Wooden Clothing Rack from Urban Outfitters
You’re a functioning adult, so you know how to clean out a closet. This post isn’t about what to do to take control of your closet, it’s more about the how—the finer details. I’m not an organizing expert, but I do speak from experience: when we moved a few years ago, I had to downsize from a ginormous walk-in closet (which I had completely filled!) to a 1920s-style closet that was about 4 feet wide and deep—oh, and I had to share it with my husband. Quelle horreur, right?
3-Stage Purging Process
I’ve found that the best way to clean out a closet is to do it in phases, going through all of my clothes three times.
If It Doesn’t Fit, You Must Get Rid
First things first: get rid of the stuff that doesn’t fit you. You can make an exception for things that are one-size down if you really love them, but anything that’s several sizes smaller than you’re currently wearing, get rid of it. Because a) it’s going to make you feel lousy every time you see those clothes in your closet, and b) if you lose enough weight to fit into those size 2 pants again, you need to treat yourself to some new clothes. You deserve it! Also, it’s 2017 and the low-rise jeans you bought from Forever 21 in 2004 are an embarrassment! (Sorry, someone had to say it.)
Ditch the Stuff You Don’t Wear
Clearance sections are my downfall, but the cold, hard truth is that a lot of times, clothes are marked down for a reason. I had so many things in my closet that I bought because they were cheap and then I never wore because the fit was weird or they didn’t go with anything else in my wardrobe. If you haven’t worn something in the past year—or at all—it’s time to let that stuff go.
The Frenemy Test
If you’ve read The Life-Changing Magic of Tidying Up, you might also think of this as the “spark joy” test.
You’ve purged the things that don’t fit and that you don’t wear. This step is the hardest: now it’s time to purge the things you do wear, but don’t feel good about wearing. Allow me to use a personal anecdote to illustrate this:
I have a pair of jeans that’s super comfy, but hideous. Online, they looked like nice boot-cut jeans, but when they arrived on my doorstep and I tried them on, I realized they were a few pleats away from being the mommest mom jeans that ever mommed. They weren’t even made with real denim! They were made with that thin faux denim stuff! And did I mention they were also about an inch too short? Because that. But I kept them because: super comfy. Suuuuper comfy and soft.
Whenever I wore these jeans, I’d feel like a total schlub and I pretty much only wore them around the house. One day, my daughter and I were feeling stir-crazy, so I decided we’d take a walk to the library—I was wearing the jeans, but I figured, well, no one I know will see me! Everything went according to plan until we left the library, after successfully procuring every Olivia book they had, and I saw my snobby neighbor sitting outside at the cafe next door.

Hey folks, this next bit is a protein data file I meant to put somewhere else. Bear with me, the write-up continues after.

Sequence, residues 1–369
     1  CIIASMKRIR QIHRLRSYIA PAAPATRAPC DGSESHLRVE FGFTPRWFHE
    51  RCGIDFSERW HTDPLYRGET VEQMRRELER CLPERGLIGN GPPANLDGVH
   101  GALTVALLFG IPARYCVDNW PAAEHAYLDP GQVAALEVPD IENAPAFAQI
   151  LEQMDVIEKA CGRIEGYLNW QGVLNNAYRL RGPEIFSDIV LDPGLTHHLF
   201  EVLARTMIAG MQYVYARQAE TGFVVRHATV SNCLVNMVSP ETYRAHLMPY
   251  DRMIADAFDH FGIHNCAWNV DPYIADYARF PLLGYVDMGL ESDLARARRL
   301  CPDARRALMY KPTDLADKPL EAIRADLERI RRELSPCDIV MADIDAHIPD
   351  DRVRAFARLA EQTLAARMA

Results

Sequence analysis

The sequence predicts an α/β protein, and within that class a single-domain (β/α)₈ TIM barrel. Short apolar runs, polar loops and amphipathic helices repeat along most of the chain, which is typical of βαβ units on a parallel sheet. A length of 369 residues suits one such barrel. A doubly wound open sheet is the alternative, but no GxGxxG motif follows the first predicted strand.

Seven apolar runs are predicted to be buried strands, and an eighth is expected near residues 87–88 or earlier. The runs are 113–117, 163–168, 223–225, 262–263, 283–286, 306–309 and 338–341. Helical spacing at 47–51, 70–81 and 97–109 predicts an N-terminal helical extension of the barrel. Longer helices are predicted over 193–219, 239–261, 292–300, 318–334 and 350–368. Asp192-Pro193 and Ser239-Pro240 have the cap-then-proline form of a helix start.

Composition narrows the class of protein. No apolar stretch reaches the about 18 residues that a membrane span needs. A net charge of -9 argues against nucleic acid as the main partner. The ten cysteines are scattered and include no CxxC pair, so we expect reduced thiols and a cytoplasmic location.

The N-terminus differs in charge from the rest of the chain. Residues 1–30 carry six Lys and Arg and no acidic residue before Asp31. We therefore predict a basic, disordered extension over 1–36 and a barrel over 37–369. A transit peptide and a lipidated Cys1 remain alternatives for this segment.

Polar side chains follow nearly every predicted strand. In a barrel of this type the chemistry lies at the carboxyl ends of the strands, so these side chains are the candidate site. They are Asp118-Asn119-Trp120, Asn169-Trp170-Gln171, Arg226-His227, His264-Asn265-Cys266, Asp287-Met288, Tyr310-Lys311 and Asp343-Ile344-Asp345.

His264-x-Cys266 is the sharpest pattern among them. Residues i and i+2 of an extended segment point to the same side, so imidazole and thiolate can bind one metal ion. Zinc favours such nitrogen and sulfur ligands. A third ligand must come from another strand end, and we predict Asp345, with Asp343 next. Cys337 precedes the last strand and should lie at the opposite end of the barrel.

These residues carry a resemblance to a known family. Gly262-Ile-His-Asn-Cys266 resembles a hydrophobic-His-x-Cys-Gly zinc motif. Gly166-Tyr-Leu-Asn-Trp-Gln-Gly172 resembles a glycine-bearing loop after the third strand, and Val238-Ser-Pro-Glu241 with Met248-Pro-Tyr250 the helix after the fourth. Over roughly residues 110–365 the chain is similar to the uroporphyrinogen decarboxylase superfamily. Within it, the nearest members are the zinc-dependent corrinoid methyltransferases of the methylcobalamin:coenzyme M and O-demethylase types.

And she saw me.
In my head, I was shouting a string of expletives, but on the outside, I gritted my teeth and smiled, making small talk. Me in my horrific, too-short mom jeans, snobby neighbor in her perfect post-workout Lululemon. Ugh.
The moral of the story is this: you might want to keep something because you wear it and it’s comfortable, but if you don’t feel good wearing it, get rid of it. If you wouldn’t want your snobby neighbor or your ex-boyfriend from high school to see you in it, it’s not worth keeping. Because guess what? Clothes that are comfortable and make you feel good do exist!
I realize this is hard to do because if you wear something a lot, it feels like a waste to get rid of it, but it’ll kind of revolutionize your life. Seriously. You’re worth having nice clothes that you feel confident wearing.
Extra Credit: Create a Capsule Wardrobe
If you want to go one step further, you can create a capsule wardrobe. I won’t go into details here, but there are plenty of resources out there to help you along the way. While I haven’t taken that step personally, I have made a conscious effort to buy fewer clothes, focusing on pieces that are well-made and that will work with what I already have. Quitting the fast fashion and clearance rack habit has been hard, but I’m actually spending less money on clothes now that I buy things that are more expensive—I don’t have the budget to make impulse buys.
After all that purging, your closet should be totally under control. Now you need to keep it that way!
Plan For Future Wardrobe Purging
I saw this on the Becoming Minimalist Facebook page and it’s pretty ingenious: turn all of your hangers backwards, then when you wear a piece of clothing, put it back in the closet facing the right way. In six months, get rid of any clothes on hangers that are still backwards—you don’t wear them, so there’s no reason to keep them.
One Piece In, One Piece Out
For everything new you buy, get rid of something. This will force you to really think about whether you need a piece of clothing before you buy it.
I’m not really big on home organization products because, as a minimalist, I don’t like to let my belongings get so out-of-control that I need to organize them. But there a few organizational things that I’ve found really useful in my closet. Check them out below:
Container Store, $39.99
Container Store, $29.99
Container Store, $9.99
Container Store, $19.99